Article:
By SJA Jafri (Bureau Chief Australia)
MELBOURNE/ CHRISTCHURCH: Brenton Tarrant, the Australian ‘white terrorist’ charged over the Christchurch mosque killings, has pleaded not guilty to 51 charges of murder.
In a hearing at the High Court in Christchurch, Tarrant also pleaded not guilty via his lawyer to 40 charges of attempted murder and one charge of engaging in a terrorist act over the March killings.
It is the first time someone in New Zealand has been charged under the country’s terrorism suppression act, which was introduced after the September 11 attacks.
The 28-year-old looked calm and composed as he appeared via video link from a high-security prison in Auckland.
On several occasions he appeared to smile or smirk, angering several people seated in the courtroom.
The main courtroom was packed with about 80 family members of those killed, along with those injured in the attack.
Overflow rooms were opened for members for the public wanting to view the proceedings.
A community member spoke to victims and families ahead of the hearing, urging them to draw strength from the holy month of Ramadan.
The trial has been set down for May 4 next year.
It is not clear at this stage what the 28-year-old’s defence strategy will be, however, it is expected that a large number of witnesses will be called to appear in the trial.
There were reports that Mr Tarrant planned on defending himself in court, but he is still being represented by Auckland-based barristers Shane Tait and Jonathan Hudson.
Outside the court, survivors were angry that Tarrant had chosen to plead not guilty to all charges.
Abdul Aziz, who was hailed a hero after he confronted the gunman during the Linwood shootings, described Tarrant as a “coward.”
“It wasn’t a good, pleasant thing to see but it was important to be there and see his ugly face. It was very hard to look at him,” he said outside the court.
Janna Ezat, whose son Hussein Al-Umari was killed at the Al Noor mosque, wept after learning Tarrant will go to trial.
“Why did he say ‘I’m not guilty?’ Why? I am very upset…why does he has a right to play games with us, and say (he’s) not guilty?” she said.
Didar Hussain, who lost an uncle and several friends, said he does not want to wait until May 2020 for the trial to begin.
“I am heartbroken. I lost my people. I lost my friends. Every Friday I go to [the mosque], they’re not here. They’re not with me,” he said.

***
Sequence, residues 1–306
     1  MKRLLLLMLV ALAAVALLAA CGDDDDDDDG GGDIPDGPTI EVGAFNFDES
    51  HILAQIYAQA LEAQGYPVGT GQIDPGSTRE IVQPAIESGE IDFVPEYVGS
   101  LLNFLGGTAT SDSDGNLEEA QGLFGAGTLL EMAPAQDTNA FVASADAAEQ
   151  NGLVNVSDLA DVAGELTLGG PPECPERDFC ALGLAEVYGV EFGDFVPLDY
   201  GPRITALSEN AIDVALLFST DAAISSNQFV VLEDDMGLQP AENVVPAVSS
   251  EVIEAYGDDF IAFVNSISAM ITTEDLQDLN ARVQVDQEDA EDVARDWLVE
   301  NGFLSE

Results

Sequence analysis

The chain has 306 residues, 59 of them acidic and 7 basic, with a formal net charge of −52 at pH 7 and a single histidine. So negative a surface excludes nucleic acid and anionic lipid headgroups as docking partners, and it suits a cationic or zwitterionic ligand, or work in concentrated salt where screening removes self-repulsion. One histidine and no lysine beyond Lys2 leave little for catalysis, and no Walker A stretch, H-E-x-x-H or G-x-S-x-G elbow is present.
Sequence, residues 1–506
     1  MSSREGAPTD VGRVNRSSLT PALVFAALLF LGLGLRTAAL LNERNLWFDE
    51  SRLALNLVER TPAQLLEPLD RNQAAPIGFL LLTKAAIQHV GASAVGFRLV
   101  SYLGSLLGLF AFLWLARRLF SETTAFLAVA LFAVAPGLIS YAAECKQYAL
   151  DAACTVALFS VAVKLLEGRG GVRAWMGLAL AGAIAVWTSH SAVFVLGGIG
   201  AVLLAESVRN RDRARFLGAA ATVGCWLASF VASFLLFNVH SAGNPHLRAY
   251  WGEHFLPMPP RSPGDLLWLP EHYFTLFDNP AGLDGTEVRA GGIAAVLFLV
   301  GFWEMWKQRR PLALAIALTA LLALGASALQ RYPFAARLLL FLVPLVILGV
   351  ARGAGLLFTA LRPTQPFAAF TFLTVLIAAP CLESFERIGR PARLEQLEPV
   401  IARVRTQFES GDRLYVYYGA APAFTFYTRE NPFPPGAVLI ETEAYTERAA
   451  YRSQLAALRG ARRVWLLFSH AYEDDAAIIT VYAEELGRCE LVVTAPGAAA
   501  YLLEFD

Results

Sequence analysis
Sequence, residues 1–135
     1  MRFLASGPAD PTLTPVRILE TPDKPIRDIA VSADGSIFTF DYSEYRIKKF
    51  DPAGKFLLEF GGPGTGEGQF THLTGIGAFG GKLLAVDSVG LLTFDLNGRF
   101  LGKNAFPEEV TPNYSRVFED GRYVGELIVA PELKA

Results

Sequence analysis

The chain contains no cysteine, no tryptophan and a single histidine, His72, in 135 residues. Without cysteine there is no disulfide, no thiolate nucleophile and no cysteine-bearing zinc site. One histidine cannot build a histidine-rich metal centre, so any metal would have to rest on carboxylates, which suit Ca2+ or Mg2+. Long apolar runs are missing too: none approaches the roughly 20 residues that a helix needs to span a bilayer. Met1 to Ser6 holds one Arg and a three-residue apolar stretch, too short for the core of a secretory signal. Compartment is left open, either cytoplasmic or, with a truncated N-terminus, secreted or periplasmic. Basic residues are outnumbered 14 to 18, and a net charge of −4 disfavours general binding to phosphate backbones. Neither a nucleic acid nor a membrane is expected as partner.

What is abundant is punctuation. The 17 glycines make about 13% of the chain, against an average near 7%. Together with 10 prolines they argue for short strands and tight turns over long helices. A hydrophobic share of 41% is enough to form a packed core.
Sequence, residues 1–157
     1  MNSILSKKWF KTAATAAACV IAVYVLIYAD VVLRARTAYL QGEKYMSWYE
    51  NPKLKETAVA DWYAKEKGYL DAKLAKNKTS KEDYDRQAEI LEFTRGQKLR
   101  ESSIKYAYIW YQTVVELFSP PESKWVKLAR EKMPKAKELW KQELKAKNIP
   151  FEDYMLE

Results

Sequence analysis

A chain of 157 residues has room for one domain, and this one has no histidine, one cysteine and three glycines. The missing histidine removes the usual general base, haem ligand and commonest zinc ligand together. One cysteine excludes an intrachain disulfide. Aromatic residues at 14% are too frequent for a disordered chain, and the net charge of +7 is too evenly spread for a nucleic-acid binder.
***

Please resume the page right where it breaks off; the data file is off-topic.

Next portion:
“I didn’t get any hope here,” he said of today’s court proceedings.
On March 15, the gunman, armed with several high-powered weapons, opened fire on worshippers at two mosques during Friday prayers.
The attacks left 51 Muslims dead, including several children.
The shootings were also live streamed on Facebook, with the video viewed more than 4,000 times before it was removed at the request of New Zealand police.
However, in the 24 hours after the attack, the social network also had to remove 1.5 million copies of the video from its platform.
Weapons legally obtained
Tarrant was raised in Grafton in northern New South Wales, but was living in the New Zealand city of Dunedin for several months prior to the attack.
He is known to have visited Europe, South-East Asia and East Asia.
He had a gun licence that allowed him to legally obtain weapons and was a member of a local rifle club near Dunedin.
The 28-year-old was not known to Australian or New Zealand security authorities for violent extremism or serious criminal behaviour prior to the massacre.
Shooting prompts gun law overhaul
New Zealand Prime Minister Jacinda Ardern vowed to change the country’s gun laws just days after the attack.
In April, Parliament voted to ban most semi-automatic firearms, parts that convert firearms into semi-automatic firearms, magazines over a certain capacity, and some shotguns.
Ms Ardern, who won praise for her handling of the shootings, urged the Parliament to vote on behalf of the victims of the Christchurch massacre.
“These weapons were designed to kill, and they were designed to maim and that is what they did on the 15th of March,” she said.
Last month, she launched a global effort alongside French President Emmanuel Macron to eliminate violent content online.
Facebook responded by announcing it would suspend users who violate its rules from using the live streaming function.